Will New FDA Regulations Destroy Vaping? A Lubbock Vape Shop Owner Explains [INTERVIEW]
Pharr is not only a vape shop owner, but also the co-president of Texas' SFATA (Smoke-Free Alternatives Trade Association), "the largest and leading trade association in the vapor industry."
Pharr and I discussed what changes vape shops must make under the new FDA rules, how customers will be affected and whether or not the new regulations are essentially a ban.
"We're going to continue to make new e-liquids, but there are going to be some things that are going to have to change," Pharr said.
One of those changes will be that customers will no longer be able to customize eJuice flavors like they did in the past. With 200 flavors, customers shouldn't have too big of a problem finding a flavor that suits them. However, producing a SKU (simply put, a barcode) has been an ordeal for Pharr.
"Every e-liquid that we manufacture has 48 different variations, so we had to put in 48 different SKUs per flavor," he explained. That maths out to 9,600 different SKUs, a fairly burdensome chore for vape shop owners like Pharr.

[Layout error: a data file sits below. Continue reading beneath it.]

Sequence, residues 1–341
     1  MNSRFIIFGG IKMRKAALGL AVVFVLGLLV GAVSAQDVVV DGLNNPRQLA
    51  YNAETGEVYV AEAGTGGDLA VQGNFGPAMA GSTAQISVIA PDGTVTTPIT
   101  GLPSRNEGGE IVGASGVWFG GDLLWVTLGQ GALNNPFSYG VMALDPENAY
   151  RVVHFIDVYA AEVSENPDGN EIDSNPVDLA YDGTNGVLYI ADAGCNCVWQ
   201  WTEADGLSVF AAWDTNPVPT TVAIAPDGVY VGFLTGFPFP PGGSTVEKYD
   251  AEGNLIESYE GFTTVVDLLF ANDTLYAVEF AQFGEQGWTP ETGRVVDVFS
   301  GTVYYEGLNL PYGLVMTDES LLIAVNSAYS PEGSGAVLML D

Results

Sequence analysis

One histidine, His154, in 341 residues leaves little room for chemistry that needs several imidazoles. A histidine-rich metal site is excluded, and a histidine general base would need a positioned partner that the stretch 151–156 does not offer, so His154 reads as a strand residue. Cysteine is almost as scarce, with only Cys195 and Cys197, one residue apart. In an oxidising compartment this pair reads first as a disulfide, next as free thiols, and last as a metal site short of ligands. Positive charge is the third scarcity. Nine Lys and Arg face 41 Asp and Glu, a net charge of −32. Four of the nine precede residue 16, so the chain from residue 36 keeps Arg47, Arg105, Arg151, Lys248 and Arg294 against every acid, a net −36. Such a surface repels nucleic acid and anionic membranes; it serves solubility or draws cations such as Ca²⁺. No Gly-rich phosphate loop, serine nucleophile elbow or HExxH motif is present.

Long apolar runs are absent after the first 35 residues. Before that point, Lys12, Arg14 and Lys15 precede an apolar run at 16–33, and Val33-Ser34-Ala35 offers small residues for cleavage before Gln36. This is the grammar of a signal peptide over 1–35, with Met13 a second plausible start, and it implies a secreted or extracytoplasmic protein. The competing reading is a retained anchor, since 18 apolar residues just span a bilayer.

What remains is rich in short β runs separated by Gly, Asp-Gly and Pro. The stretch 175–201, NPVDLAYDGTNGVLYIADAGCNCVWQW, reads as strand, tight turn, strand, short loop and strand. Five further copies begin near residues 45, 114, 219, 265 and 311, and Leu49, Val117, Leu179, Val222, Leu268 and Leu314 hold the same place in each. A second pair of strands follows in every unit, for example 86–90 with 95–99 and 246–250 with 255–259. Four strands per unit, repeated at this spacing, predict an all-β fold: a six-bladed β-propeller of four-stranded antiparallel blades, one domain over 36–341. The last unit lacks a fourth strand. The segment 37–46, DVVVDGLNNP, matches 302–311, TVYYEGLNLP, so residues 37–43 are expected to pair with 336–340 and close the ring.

Pharr also pointed out that the new rules impact how vape shops can engage and interact with their customers.
"Basically, a lot of the things we used to do to be able to teach customers and help customers, we're not going to be able to do since they [the FDA] took that away from us," he said.
As the way it stands right now, every [vape] shop will close in the next two years. - Travis Pharr, Owner, 180 Vape[/pullquotes]These things not only include instructing customers on proper usage of their equipment and repairs of equipment, but also the ability to help the elderly and the disabled use and fill their equipment. This struck home for me, as I have a neurodegenerative disorder that causes a constant tremor in my left hand. If I did vape, filling a tiny tank with eJuice would range from frustrating to impossible depending on my hand that day.
Travis, like many vape shop owners and customers, feels that the new FDA regulations are so extreme that they will kill vaping altogether. "As the way it stands right now, every shop will close in the next two years," Pharr told me.
Pharr vows to do everything he can to stay open for his customers because he's seen vaping improve the health of many people. Many of his customers have admitted that without vaping they will return to cigarette smoking. And Pharr emphasized his desire to continue to contribute to the local economy.
180 Vape employs more than a dozen people. There's an estimated 14,000 dedicated vape shops, so that roughly means 168,000 people could lose their jobs if vape shops are forced to shutter.
Pharr urged all vapers and anyone who feels these regulations are unjust or unreasonable to contact their legislators to tell them they support H.R. 2058 and the Cole-Bishop Amendment. Our legislators are:
Senator Ted Cruz 202-224-5922
Senator John Cornyn 202-224-2934